Practice - Topic 8802

Appeals - General principles - Duty of appellate court regarding damage awards by a trial judge - [See Damage Awards - Topic 630.1 ].

Torts - Topic 5905

Negligent investigation - Criminal prosecutions - [See Police - Topic 5031 ].

Cases Noticed:

R. v. Meltzer and Laison, [1989] 1 S.C.R. 1764; 96 N.R. 391, refd to. [para. 14].

R. v. Barrow, [1987] 2 S.C.R. 694; 81 N.R. 321; 87 N.S.R.(2d) 271; 222 A.P.R. 271, refd to. [para. 16].

R. v. Latimer (R.W.), [1997] 1 S.C.R. 217; 207 N.R. 215; 152 Sask.R. 1; 140 W.A.C. 1, refd to. [para. 16].

R. v. Hobbs (K.P.) (2010), 293 N.S.R.(2d) 126; 928 A.P.R. 126; 2010 NSCA 62, refd to. [para. 16].

R. v. Cameron (1991), 44 O.A.C. 278; 64 C.C.C.(3d) 96 (C.A.), refd to. [para. 16].

R. v. Dixon (S.), [1998] 1 S.C.R. 244; 222 N.R. 243; 166 N.S.R.(2d) 241; 498 A.P.R. 241, refd to. [para. 16].

R. v. Taillefer (B.), [2003] 3 S.C.R. 307; 313 N.R. 1; 2003 SCC 70, refd to. [para. 16].

R. v. Morrissey (R.J.) (1995), 80 O.A.C. 161; 97 C.C.C.(3d) 193 (C.A.), refd to. [para. 16].

R. v. Lohrer (A.W.) (2004), 329 N.R. 1; 208 B.C.A.C. 1; 344 W.A.C. 1; 2004 SCC 80, refd to. [para. 16].

R. v. G.D.B. (2000), 253 N.R. 201; 261 A.R. 1; 225 W.A.C. 1; 2000 SCC 22, refd to. [para. 16].

R. v. Fraser (A.) (2011), 306 N.S.R.(2d) 201; 968 A.P.R. 201; 2011 NSCA 70, refd to. [para. 16].

Adgey v. R., [1975] 2 S.C.R. 426, refd to. [para. 18].

R. v. Messervey (A.C.) (2010), 291 N.S.R.(2d) 359; 922 A.P.R. 359; 2010 NSCA 55, refd to. [para. 18].

R. v. Grant, [1991] 3 S.C.R. 139; 130 N.R. 250; 93 Nfld. & P.E.I.R. 181; 292 A.P.R. 181, refd to. [para. 35].

Polgrain Estate v. Toronto East General Hospital et al. (2008), 238 O.A.C. 1; 2008 ONCA 427, refd to. [para. 37].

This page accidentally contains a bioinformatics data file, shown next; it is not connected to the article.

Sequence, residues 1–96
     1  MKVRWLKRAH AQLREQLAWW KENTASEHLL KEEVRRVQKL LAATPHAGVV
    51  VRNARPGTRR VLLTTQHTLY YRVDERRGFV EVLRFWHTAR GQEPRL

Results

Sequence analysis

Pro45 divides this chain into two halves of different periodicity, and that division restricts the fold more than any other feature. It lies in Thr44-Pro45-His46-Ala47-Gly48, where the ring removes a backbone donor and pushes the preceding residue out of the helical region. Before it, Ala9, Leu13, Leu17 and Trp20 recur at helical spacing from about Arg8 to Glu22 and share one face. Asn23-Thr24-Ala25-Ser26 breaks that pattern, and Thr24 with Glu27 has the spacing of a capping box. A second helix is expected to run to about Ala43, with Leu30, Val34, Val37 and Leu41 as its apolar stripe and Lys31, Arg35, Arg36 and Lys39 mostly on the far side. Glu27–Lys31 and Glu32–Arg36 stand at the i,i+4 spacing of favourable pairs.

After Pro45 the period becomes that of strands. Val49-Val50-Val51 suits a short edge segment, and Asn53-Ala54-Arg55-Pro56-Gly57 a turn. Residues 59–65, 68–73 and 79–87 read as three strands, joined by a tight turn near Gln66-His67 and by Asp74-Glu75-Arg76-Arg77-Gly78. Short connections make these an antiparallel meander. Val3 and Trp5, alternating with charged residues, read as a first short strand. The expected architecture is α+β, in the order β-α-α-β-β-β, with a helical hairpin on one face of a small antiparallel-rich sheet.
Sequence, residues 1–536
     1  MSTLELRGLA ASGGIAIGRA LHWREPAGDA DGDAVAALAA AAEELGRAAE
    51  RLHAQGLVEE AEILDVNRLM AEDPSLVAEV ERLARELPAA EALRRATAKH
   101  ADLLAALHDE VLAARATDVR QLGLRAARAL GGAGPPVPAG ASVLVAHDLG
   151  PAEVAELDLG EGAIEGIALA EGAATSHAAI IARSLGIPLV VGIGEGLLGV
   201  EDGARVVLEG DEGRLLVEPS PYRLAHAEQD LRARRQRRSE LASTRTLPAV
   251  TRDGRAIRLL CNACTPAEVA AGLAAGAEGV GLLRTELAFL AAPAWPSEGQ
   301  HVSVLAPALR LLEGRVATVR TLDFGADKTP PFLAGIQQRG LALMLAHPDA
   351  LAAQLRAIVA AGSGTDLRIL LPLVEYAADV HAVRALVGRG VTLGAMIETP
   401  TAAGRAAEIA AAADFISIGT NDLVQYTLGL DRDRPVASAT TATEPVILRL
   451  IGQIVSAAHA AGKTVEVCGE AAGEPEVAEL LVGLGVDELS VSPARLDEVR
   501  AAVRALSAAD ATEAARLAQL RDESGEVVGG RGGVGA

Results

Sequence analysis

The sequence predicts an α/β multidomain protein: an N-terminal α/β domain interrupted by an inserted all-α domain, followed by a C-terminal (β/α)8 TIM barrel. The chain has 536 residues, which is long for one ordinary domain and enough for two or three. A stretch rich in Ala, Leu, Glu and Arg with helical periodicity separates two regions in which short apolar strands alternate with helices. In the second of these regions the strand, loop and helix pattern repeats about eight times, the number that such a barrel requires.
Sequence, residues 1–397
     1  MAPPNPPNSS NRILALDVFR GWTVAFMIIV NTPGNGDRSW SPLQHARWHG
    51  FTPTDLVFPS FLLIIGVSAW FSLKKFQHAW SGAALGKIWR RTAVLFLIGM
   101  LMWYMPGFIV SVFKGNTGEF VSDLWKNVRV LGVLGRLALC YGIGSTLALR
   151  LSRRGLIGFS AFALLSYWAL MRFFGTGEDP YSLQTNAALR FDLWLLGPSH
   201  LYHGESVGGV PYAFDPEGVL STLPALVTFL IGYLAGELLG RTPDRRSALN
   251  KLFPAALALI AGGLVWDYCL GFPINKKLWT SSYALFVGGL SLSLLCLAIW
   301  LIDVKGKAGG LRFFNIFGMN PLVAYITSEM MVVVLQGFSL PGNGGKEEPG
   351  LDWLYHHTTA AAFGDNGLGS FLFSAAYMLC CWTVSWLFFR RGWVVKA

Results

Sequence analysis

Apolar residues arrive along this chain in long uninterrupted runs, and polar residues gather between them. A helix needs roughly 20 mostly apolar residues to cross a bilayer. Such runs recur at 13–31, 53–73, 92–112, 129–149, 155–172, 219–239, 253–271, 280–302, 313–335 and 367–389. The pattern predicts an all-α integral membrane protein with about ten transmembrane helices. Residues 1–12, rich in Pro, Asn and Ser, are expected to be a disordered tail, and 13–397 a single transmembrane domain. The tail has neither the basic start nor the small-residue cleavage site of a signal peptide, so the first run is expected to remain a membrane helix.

Rizzo et al. v. Hanover Insurance Co. (1993), 64 O.A.C. 230; 14 O.R.(3d) 98 (C.A.), refd to. [para. 37].

Toronto (City) v. Canadian Union of Public Employees, Local 79 et al. (2003), 311 N.R. 201; 179 O.A.C. 291; 2003 SCC 63, refd to. [para. 38].

Housen v. Nikolaisen et al., [2002] 2 S.C.R. 235; 286 N.R. 1; 219 Sask.R. 1; 272 W.A.C. 1, refd to. [para. 75].

Hill et al. v. Hamilton-Wentworth Regional Police Services Board et al. (2007), 368 N.R. 1; 230 O.A.C. 260; 2007 SCC 41, refd to. [para. 77].

R. v. Pearson (1957), 25 C.R. 342 (Alta. C.A.), refd to. [para. 89].

R. v. Oickle (R.F.) (2000), 259 N.R. 227; 187 N.S.R.(2d) 201; 585 A.P.R. 201; 2000 SCC 38, refd to. [para. 89].

Ward v. Vancouver (City) et al. (2010), 404 N.R. 1; 290 B.C.A.C. 222; 491 W.A.C. 222; 2010 SCC 27, refd to. [para. 104].

Blencoe v. Human Rights Commission (B.C.) et al. (2000), 260 N.R. 1; 141 B.C.A.C. 161; 231 W.A.C. 161; 2000 SCC 44, refd to. [para. 110].

Bezanson v. Hayter (2009), 284 N.S.R.(2d) 171; 901 A.P.R. 171; 2009 NSCA 113, refd to. [para. 114].

Counsel:

W. Dale Dunlop, Ian M. Gray and James K. Harper, for the appellant;

Debbie Brown, for the respondent, Attorney General of Nova Scotia;

Angela Green and Jessica Harris, for the respondent, Attorney General of Canada.

This appeal was heard on January 28, 2015, at Halifax, N.S., before MacDonald, C.J.N.S., Oland, Beveridge, Farrar and Bryson, JJ.A., of the Nova Scotia Court of Appeal.

On April 14, 2015, Beveridge, J.A., delivered the following judgment for the Court of Appeal.